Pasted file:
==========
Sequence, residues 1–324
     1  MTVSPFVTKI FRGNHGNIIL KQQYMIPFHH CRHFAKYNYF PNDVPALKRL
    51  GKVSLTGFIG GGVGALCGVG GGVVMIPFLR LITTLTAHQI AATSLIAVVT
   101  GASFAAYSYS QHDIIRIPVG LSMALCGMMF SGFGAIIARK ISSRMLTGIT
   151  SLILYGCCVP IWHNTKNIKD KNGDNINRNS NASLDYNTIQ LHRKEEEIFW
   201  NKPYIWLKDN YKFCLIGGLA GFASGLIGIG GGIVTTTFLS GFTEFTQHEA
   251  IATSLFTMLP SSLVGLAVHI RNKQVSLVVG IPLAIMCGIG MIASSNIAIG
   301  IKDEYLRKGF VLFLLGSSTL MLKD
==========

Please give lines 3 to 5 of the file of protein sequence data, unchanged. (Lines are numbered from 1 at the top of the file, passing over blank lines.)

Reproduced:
    51  GKVSLTGFIG GGVGALCGVG GGVVMIPFLR LITTLTAHQI AATSLIAVVT
   101  GASFAAYSYS QHDIIRIPVG LSMALCGMMF SGFGAIIARK ISSRMLTGIT
   151  SLILYGCCVP IWHNTKNIKD KNGDNINRNS NASLDYNTIQ LHRKEEEIFW